Sequences generated in this study as well as published sequences of G. intestinalis (GenBank: GU265738-GU265748, GU299281-GU299283 and KR230402–KR230415) and G. nasalis (GenBank: GU265749-GU265758 and GU299284-GU299286) were used for data analysis. Raw sequences were proofread and edited using BioEdit v.7.0.9.0 [29]. Alignment was performed with the ClustalW algorithm in MEGA v.7.0 software [30], which was also used for basic sequence statistical analysis. Haplotype identification, haplotype diversity (Hd), and nucleotide diversity (π) were estimated using DnaSP v.5.0 [31]. The Kimura two-parameter method was used to calculate genetic distances among populations in MEGA. DnaSP v.5.0 was used to evaluate population pairwise fixation index (Fst) statistics and gene flow (Nm) values. Phylogenetic trees were constructed by the neighbor-joining (NJ) method using MEGA and were assessed with 1000 bootstrap replicates [32]. Haplotype networks were constructed using TCS v.1.21 [33] with a 95% parsimony criterion. The Likelihood Analysis with Metropolis Algorithm using Random Coalescence (LAMARC) programme [34] was used to estimate population size (θ), exponential growth rate (g) and migration rate based on the maximum-likelihood approach. The search strategy included three replications of 10 short initial chains and two long final chains. The initial chains were run with 500 samples and the sampling interval was set to 20. The final chains were performed with 10,000 samples with the same sampling interval. A burn-in of 1000 samples was used for each chain.

Results

Haplotype diversity

A total of 247 cox1 sequences were obtained for G. pecorum, G. intestinalis, G. nasalis and G. nigricornis, co-analyzed with 41 published sequences of G. intestinalis from China (DQ and YL), Italy and Poland, and of G. nasalis from Italy and Poland. An analysis of all cox1 sequences identified a total of 154 haplotypes. The haplotype distribution, Hd and π of each population based on the mitochondrial cox1 gene are shown in Additional file 2: Table S1. The values for Hd and π were as follows: G. pecorum (Hd = 0.976, π = 0.01581); G. intestinalis (Hd = 0.983, π = 0.01066); G. nasalis (Hd = 0.953, π = 0.01226); and G. nigricornis (Hd = 0.973, π = 0.01719). For each species, only two to five common haplotypes were observed within localities in China and there were no shared haplotypes across G. intestinalis and G. nasalis populations in Italy and Poland.

The 247 cox2 sequences of the four Gasterophilus species defined 127 haplotypes. The haplotype distribution, Hd and π of each regional population based on the mitochondrial cox2 gene are shown in Additional file 2: Table S2. The values for Hd and π were as follows: G. pecorum (Hd = 0.01093, π = 0.959); G. intestinalis (Hd = 0.00592, π = 0.951); G. nasalis (Hd = 0.01003, π = 0.961); and G. nigricornis (Hd = 0.01217, π = 0.918). Similar to cox1, only two to six common cox2 haplotypes were observed within populations of each species.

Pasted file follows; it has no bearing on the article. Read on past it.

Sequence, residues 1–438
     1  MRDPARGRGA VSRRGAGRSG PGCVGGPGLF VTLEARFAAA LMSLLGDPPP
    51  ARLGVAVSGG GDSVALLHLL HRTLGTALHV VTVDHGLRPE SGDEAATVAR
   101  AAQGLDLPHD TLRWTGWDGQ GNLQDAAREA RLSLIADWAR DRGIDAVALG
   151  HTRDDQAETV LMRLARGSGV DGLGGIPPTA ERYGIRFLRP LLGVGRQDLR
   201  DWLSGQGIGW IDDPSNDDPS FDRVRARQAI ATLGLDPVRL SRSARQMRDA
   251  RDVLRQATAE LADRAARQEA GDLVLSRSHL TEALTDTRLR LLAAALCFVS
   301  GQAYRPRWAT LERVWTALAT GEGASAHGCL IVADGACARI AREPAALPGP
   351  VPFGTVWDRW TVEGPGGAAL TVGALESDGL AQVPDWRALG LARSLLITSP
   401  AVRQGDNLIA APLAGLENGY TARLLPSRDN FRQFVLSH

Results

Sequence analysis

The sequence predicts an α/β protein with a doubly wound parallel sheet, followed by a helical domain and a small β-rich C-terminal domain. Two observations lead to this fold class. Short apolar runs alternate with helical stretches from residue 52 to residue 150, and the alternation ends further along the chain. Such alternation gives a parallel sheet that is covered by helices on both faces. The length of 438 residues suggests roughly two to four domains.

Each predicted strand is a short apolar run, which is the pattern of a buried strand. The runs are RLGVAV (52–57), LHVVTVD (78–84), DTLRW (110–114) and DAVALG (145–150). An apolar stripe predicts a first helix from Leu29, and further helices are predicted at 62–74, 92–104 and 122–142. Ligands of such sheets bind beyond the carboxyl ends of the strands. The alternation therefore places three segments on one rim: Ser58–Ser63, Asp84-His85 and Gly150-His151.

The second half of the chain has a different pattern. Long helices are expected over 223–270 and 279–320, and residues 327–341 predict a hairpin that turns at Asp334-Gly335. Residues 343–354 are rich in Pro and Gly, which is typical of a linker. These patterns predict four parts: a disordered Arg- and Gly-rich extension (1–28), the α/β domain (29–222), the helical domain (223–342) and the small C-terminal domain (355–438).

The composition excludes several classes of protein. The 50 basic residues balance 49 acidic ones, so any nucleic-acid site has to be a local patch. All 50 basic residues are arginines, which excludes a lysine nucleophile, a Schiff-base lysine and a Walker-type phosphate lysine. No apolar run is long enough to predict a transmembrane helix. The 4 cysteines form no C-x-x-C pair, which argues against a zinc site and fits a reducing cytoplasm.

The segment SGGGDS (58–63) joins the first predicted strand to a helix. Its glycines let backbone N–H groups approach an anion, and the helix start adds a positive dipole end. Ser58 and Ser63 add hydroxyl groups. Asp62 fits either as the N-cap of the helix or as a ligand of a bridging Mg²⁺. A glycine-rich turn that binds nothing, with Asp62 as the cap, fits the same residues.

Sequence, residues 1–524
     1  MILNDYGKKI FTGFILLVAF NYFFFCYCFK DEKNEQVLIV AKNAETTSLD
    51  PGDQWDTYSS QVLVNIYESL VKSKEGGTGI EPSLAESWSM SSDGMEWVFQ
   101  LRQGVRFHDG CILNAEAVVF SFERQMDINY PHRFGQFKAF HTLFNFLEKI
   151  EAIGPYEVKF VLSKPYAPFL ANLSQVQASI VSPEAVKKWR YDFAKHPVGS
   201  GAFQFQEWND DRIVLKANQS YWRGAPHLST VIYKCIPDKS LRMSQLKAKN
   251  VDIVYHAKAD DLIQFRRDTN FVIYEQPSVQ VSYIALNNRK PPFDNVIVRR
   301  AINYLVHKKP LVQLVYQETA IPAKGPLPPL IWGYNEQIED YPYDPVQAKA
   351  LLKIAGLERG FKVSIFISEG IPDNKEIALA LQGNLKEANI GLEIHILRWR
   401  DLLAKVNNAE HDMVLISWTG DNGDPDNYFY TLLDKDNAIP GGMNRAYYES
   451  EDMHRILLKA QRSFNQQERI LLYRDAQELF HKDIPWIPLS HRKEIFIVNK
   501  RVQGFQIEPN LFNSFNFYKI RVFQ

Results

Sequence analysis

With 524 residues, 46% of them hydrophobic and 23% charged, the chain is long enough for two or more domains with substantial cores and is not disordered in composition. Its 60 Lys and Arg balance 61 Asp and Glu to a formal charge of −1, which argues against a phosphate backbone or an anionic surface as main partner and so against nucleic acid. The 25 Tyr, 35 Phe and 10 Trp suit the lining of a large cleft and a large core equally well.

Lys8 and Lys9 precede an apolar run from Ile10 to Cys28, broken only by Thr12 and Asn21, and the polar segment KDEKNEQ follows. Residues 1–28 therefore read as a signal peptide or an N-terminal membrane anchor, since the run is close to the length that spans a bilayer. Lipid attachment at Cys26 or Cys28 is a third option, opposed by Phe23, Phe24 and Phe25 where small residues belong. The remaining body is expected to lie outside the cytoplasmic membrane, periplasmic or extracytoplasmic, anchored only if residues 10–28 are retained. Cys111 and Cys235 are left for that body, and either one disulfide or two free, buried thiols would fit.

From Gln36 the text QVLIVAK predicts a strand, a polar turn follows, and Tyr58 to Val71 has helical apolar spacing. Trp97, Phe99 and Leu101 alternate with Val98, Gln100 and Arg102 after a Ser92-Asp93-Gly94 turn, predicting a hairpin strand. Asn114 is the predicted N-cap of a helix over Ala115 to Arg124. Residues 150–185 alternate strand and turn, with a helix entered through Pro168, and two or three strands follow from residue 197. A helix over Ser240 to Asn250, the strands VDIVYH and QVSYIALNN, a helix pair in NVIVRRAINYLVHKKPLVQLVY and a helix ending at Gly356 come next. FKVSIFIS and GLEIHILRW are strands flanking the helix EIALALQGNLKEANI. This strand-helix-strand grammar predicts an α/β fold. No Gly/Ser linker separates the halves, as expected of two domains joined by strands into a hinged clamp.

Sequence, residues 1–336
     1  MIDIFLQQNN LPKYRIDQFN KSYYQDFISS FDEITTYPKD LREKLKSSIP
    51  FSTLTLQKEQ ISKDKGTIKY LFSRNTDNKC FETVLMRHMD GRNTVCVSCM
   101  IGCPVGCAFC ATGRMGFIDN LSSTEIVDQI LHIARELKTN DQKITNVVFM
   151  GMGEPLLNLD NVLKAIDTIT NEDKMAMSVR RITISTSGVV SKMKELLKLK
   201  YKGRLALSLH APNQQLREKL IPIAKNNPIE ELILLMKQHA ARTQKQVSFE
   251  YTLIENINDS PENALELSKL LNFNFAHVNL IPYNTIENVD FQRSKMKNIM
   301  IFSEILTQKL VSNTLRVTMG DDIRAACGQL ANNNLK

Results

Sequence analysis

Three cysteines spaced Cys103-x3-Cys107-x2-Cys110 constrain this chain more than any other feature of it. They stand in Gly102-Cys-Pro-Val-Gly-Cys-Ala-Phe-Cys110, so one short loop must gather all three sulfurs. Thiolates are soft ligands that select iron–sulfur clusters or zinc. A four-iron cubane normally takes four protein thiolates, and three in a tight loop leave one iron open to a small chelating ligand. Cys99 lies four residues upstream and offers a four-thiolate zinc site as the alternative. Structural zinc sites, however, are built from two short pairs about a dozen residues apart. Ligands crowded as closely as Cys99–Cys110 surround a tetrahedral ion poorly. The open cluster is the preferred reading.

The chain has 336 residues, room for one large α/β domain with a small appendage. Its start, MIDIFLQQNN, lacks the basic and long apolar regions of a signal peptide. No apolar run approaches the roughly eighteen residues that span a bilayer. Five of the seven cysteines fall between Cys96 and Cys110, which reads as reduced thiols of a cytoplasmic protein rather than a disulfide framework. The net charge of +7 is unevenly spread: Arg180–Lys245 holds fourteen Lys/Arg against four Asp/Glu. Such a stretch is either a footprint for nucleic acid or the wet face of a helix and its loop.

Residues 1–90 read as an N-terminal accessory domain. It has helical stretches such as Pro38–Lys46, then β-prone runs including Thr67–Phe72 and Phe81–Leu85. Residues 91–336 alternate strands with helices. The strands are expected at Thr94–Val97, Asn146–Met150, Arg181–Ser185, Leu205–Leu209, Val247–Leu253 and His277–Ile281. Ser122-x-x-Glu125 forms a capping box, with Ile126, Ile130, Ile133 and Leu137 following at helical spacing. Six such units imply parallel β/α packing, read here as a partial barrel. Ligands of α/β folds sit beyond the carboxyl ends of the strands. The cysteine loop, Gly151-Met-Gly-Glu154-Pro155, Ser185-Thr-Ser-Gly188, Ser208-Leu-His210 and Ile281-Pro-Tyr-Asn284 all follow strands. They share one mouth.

Haplotype networks

Gasterophilus pecorum

The minimum spanning network calculated with TCS software using cox1 haplotypes of G. pecorum had three sub-networks (Fig. 1a). Of the 48 cox1 haplotypes, two (GpH4 and GpH19) were shared between KNR and DL and three (GpH1, GpH11 and GpH24) were shared between KNR and MD, while no common haplotypes were detected between DL and MD. The sub-networks formed a star-like structure that was derived from haplotype GpH4. Most unique haplotypes in the DL population were distributed around GpH4, whereas those unique to the MD population mostly surrounded GPH11. Haplotypes in the KNR population were more evenly distributed throughout the network. Individuals of GpH37 and GpH48 constituting a single sub-network were all from MD. In general, the cox2 haplotypes formed two sub-networks with GpH17 and GpH43 as the central haplotypes (Fig. 1b). The haplotype distribution of each geographical population was similar to that of cox1. Individuals in the GpH43-centric sub-network were the same as those in the cox1 haplotype sub-network comprising only MD haplotypes. Of the 45 cox2 haplotypes, three (GpH2, GpH5 and GpH17) were shared between KNR and DL, four (GpH2, GpH3, GpH4 and GpH10) were shared between KNR and MD, and GpH2 was shared by all three populations.